Government put its weight behind hiring British videos

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The Independent Online
The Government yesterday launched a new drive to persuade customers in video shops to buy or hire British films in preference to Hollywood blockbusters.

Tom Clarke, the films minister, announced last night that the first National Video Week was being organised for next summer to raise the profile of the British film industry.

Senior figures in the video industry admitted yesterday that while British films are becoming increasingly popular overseas, video shops in Britain often leave critically acclaimed British films out of sight while showcasing the action and adventure diet of Hollywood. British films were widely regarded as being "too much effort" for viewers while American movies were seen as a "safe bet". As a result, they said, well-received films such as Secrets and Lies and Brassed Off, are losing vital revenue.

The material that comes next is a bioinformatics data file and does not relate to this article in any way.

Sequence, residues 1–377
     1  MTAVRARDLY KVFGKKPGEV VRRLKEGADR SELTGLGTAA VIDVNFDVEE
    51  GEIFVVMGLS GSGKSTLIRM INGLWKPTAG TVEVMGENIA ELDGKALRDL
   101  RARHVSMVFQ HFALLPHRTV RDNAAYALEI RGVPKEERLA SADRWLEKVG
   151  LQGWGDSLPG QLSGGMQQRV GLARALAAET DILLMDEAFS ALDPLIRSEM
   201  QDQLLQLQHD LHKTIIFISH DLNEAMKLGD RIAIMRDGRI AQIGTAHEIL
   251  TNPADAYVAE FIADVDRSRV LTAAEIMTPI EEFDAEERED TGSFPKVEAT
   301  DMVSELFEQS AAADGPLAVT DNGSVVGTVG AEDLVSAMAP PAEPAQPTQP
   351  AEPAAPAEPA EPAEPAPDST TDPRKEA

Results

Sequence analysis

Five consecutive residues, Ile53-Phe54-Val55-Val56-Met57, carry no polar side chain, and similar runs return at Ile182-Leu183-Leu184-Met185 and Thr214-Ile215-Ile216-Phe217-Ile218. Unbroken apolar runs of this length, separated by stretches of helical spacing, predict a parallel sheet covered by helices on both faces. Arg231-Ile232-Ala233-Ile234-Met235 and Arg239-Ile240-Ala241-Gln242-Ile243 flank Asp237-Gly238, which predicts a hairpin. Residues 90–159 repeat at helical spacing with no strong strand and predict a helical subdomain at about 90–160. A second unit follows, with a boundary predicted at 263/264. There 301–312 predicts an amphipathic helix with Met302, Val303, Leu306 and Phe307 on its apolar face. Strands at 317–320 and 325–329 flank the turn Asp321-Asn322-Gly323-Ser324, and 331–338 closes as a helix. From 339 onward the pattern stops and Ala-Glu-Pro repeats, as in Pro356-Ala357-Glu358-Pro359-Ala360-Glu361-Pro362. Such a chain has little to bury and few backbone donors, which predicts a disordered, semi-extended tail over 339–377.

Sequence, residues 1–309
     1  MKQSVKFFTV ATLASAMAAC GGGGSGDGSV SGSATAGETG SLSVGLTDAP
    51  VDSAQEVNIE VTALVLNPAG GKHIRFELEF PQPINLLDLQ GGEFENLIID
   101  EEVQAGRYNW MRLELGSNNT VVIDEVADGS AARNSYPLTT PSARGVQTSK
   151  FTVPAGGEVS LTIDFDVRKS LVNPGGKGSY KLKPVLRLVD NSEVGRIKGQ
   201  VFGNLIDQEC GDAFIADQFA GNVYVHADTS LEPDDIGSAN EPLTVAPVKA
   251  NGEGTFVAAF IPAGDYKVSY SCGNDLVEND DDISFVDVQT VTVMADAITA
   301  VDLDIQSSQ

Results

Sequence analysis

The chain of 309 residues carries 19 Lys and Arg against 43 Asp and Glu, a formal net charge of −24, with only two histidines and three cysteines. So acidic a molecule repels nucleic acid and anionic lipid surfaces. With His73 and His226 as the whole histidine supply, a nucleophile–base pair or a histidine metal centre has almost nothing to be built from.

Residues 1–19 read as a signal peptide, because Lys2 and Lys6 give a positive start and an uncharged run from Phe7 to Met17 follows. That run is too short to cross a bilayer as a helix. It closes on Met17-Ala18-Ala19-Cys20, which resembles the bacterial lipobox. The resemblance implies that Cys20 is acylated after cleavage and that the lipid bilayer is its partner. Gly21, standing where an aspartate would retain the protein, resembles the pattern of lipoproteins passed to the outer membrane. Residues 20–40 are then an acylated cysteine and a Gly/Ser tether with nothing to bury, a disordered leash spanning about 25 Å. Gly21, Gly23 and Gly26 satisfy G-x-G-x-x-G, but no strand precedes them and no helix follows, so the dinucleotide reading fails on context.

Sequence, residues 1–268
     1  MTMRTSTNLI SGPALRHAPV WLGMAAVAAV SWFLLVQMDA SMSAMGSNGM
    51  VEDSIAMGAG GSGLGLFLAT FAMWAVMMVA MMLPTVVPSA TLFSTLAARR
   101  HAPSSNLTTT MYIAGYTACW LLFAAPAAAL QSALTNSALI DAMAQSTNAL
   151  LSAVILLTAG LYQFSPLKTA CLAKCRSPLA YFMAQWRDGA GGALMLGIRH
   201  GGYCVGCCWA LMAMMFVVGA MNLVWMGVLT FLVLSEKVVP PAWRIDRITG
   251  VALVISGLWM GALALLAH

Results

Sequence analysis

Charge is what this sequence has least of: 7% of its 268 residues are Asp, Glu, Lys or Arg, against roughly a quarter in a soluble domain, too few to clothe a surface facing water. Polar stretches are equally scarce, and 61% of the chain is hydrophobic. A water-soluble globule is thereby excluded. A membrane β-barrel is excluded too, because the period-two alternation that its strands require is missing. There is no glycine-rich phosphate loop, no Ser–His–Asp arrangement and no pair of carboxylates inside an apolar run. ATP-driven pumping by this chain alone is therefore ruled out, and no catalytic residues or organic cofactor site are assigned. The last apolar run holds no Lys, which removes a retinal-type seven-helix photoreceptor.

Mr Clarke said: "In 1996 the video industry was worth an amazing pounds 1.3bn and it continues to grow at more than twice the rate of inflation. It is a significant source of revenue not just for films but for classic television drama, for sport, for music, and for children's programmes." He was speaking at an awards dinner for the British Video Association, which honoured Desmond Llewellyn - who played the part of Q in the Bond films - for his contribution to the British film industry.

The National Video Week will be focused on a gala festival in Battersea Park, London, designed to promote British films.